Right now, brands need to be there for consumers. They need to work closely with retailers to ensure continuity of supply, and they need to be sensitive to consumer needs. Brands know this. Well most do. Sports Direct made a bad move recently, and they won’t be the only one to make a mistake over the coming weeks and months. Avoiding missteps of this kind requires emotional intelligence tuned to the utmost degree.
Some brands need to recognise the vital role they play in consumers’ lives and act accordingly. Others need to accept their temporary irrelevance and focus on the longer term. Regardless of which category you fall into, a sensitive approach is key. At the moment, some brands probably just need to switch off marketing and concentrate on the basics, like their supply chain. Consumer’s social channels and inboxes have exploded, and we’re being forced to experience this overload within the confines of home. It’s all a bit much, but that won’t be the case for long.
The current assumption is that after three months things will slowly start betting back to normal, but everyone acknowledges things won’t really be “normal” ever again. We’ll spend the summer emerging from lockdown, with kids who’ve been off for a long time already and restricted household budgets still curtailing spending. It won’t be until late Q3/Q4 that things will start to become more recognisable. All brands, regardless of their current situation, need to be thinking about that final quarter. How they’re going to reposition themselves in the new world that will emerge and what steps they should be taking to start prepping for relaunch.
Reposition and reactivate
Brands will need to reposition and reactivate at speed. Rapid projects of that nature will be the “new normal” in agency land. Lots of brands will be off our radars for a long while, with consumers shopping by category and need rather than brand. 12-month projects will be a luxury they don’t have time for. It will be a case of looking at the brand, checking it’s still relevant, tweaking as necessary and then getting something out to market asap.
Nowhere will this be truer than in grocery, where many brands will be facing either huge amounts of stock stored up in retailer distribution outlets or in their supply chain somewhere. Or even in consumers houses. If consumers have products they haven’t got through yet, those brands will need to inspire them to first use up that stockpile and then continue to buy. Those challenges will need to be addressed immediately.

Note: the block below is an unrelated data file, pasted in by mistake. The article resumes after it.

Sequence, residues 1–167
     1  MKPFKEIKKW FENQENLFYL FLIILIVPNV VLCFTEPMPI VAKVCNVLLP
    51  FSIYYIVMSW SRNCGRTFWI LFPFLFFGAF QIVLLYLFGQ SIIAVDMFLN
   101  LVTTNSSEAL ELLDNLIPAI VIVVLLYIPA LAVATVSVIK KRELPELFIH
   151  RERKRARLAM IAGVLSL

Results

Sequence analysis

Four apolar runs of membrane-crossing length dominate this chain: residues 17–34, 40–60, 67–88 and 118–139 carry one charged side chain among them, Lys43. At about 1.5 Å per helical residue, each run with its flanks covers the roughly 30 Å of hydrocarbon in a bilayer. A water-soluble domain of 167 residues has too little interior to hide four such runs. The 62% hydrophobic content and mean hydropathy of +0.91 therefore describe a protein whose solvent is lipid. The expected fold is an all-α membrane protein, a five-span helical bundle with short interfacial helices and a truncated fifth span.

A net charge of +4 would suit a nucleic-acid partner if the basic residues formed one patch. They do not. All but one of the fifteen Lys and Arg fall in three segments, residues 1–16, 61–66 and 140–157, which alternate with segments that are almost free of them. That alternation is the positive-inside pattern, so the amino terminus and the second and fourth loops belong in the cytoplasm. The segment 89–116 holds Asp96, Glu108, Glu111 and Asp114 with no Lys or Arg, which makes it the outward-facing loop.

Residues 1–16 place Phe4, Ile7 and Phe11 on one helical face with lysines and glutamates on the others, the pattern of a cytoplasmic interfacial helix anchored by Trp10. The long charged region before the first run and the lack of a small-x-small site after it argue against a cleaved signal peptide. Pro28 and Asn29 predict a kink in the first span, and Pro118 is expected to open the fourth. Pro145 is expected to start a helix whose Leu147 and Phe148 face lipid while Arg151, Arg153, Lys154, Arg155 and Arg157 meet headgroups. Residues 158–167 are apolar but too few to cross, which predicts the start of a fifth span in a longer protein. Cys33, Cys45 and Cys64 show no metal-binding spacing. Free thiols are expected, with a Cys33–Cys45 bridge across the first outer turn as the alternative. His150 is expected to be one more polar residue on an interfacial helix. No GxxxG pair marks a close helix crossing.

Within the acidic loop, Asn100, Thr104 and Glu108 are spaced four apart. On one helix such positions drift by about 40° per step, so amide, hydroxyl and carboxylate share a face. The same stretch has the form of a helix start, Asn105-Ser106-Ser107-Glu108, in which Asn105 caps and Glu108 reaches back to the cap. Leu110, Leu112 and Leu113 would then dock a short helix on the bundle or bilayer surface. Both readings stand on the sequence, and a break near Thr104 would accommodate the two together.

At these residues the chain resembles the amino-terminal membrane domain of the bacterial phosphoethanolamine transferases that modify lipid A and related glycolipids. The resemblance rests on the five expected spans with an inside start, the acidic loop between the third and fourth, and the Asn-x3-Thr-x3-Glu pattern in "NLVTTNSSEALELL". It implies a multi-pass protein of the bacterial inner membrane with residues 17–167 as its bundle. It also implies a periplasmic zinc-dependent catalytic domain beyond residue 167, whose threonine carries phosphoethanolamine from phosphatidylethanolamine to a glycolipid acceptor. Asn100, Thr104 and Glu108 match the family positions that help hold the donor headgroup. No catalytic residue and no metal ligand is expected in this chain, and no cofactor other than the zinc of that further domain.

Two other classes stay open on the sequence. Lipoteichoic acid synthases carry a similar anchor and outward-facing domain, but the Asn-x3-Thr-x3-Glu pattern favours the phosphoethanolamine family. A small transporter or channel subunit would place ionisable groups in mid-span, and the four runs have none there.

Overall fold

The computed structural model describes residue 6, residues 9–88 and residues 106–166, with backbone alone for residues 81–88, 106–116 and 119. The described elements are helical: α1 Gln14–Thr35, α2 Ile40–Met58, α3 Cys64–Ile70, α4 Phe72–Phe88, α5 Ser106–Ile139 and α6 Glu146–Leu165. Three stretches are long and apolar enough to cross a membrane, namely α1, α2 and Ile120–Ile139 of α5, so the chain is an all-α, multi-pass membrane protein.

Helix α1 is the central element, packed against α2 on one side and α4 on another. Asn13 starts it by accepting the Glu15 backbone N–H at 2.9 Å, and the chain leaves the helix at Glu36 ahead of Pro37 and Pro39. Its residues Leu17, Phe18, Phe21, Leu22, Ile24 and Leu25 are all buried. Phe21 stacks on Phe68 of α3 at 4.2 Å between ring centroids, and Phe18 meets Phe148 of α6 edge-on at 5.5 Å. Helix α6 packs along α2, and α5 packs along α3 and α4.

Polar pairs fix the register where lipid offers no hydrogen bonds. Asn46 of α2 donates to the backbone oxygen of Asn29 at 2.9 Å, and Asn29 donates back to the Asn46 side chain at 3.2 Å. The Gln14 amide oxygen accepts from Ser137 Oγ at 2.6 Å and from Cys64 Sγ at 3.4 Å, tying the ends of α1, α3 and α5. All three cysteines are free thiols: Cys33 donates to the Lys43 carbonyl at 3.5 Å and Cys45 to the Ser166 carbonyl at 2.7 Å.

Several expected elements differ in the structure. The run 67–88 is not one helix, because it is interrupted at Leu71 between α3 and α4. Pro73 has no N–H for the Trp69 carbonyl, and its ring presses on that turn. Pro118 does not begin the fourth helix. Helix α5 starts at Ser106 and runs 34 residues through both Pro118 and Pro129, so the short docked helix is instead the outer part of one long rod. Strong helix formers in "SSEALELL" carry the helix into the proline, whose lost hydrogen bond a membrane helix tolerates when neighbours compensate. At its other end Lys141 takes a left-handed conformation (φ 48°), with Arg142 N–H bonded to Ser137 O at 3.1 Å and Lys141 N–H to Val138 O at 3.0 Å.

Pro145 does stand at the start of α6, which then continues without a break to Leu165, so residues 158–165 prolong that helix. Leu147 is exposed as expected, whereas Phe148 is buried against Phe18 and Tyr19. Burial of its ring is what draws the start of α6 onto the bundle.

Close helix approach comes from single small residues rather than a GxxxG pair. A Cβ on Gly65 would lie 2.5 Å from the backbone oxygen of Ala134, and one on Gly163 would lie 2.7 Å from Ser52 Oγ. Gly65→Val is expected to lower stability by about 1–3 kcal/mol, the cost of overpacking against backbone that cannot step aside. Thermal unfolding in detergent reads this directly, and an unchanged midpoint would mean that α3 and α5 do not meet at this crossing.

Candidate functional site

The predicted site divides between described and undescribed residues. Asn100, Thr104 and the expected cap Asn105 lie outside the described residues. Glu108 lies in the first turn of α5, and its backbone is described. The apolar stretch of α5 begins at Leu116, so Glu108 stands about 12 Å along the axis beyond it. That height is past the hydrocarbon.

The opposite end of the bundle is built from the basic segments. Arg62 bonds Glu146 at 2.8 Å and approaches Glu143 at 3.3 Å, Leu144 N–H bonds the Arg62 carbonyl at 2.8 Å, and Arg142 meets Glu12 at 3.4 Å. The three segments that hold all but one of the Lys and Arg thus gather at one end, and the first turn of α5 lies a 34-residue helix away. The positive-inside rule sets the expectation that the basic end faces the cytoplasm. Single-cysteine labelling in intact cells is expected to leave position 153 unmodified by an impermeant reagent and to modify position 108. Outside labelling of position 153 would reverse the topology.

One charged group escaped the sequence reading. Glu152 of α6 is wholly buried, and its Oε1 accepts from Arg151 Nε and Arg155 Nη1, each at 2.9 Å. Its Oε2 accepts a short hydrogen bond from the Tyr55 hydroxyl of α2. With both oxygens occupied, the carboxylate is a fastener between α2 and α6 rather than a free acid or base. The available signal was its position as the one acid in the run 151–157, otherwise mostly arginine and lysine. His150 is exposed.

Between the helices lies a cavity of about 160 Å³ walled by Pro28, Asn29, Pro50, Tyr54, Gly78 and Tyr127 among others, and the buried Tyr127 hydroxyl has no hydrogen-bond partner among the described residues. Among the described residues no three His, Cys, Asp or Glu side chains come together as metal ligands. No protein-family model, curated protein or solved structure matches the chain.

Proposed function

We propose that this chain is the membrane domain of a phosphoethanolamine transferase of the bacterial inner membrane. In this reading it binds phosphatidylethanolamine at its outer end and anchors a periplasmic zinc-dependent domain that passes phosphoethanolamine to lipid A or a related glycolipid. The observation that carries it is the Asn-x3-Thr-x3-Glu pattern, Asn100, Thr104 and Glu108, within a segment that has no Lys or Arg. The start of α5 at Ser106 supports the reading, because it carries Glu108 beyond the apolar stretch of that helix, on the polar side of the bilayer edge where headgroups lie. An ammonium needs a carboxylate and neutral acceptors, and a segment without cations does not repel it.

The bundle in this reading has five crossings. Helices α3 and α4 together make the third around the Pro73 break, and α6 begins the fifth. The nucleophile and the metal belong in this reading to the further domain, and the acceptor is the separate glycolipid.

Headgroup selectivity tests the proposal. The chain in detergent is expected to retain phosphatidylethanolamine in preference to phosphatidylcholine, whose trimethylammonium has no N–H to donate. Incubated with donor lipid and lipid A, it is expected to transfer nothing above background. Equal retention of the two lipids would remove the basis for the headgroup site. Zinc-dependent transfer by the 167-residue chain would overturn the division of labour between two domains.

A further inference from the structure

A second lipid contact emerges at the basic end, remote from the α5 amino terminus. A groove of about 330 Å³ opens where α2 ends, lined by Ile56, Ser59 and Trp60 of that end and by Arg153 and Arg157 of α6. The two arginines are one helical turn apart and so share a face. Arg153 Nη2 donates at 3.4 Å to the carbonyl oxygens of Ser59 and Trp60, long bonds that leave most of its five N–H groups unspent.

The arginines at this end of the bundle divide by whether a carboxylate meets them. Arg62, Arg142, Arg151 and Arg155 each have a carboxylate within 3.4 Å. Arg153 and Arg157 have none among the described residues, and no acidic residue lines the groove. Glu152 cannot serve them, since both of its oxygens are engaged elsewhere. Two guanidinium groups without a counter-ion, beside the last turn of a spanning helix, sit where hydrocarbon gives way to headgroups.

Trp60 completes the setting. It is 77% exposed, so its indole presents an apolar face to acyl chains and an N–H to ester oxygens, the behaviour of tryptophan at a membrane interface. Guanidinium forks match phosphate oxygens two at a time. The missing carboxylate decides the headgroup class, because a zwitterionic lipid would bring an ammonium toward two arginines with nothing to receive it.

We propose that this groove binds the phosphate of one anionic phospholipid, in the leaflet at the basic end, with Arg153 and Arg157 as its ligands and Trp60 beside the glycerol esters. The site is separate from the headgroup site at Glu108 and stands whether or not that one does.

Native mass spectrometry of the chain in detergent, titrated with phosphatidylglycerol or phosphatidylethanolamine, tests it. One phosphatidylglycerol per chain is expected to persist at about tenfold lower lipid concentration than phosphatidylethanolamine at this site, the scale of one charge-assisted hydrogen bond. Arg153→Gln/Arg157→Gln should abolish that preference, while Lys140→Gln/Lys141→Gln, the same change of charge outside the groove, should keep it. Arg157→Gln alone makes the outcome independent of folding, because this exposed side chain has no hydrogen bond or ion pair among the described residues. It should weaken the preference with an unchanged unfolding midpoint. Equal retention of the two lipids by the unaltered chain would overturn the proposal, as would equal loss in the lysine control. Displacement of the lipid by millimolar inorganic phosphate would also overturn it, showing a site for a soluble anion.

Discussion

Post crisis, we’ll see more retailers shutting stores and concentrating online, in response to forever-changed shopping habits. Store estates will need to be resent, and in some respects the death of high street will be accelerated. But the full picture won’t be quite that simple. We’ll all be craving human contact; coffee shops, nail bars, hairdressers, the list goes on… will be appreciated even more than before. Certainly, Q2 numbers are diving off a cliff, but in Q3 and Q4 they’ll be up 50%. And we can’t be certain how that will play out exactly.
Things will emerge that we never thought possible or haven’t yet imagined. Allotments didn’t exist until World War 2, but they’re still around now. We’ll all turbo charge our home environments, pushing the boundaries of what we can do within the realms of the space available to us. Remote working practices and a desire to prioritise living space might well lead to an exodus out of London. High street changes will be key, with freed up real estate allowing new brands to crop up. Some things we can anticipate, yet they’ll be plenty of changes that at this stage are still hard to imagine. But the change itself is certain.
News hit this week that Amazon has temporarily stopped sellers from sending non-essential items to UK and US warehouses, in order to free up space for the crucial supplies that are needed at this time. Everyone is aware of the vital role Amazon is playing right now. The crisis will accelerate Amazon’s move past being a retailer to acting, and being seen as, more of an essential utility.
The long-term effects of the crisis will also be to Amazon’s advantage. So many people will be used to shopping online those figures will probably stick at double their previous level. Which brings us back to longer term thinking, regardless of your brand’s current position. Getting your basics right on Amazon, making sure your shop window is signing and optimised, these are things to be thinking about sooner rather than later. In our next article my colleague Freddie will talk you through the simple steps – audit, optimisation and activation – to be aware of.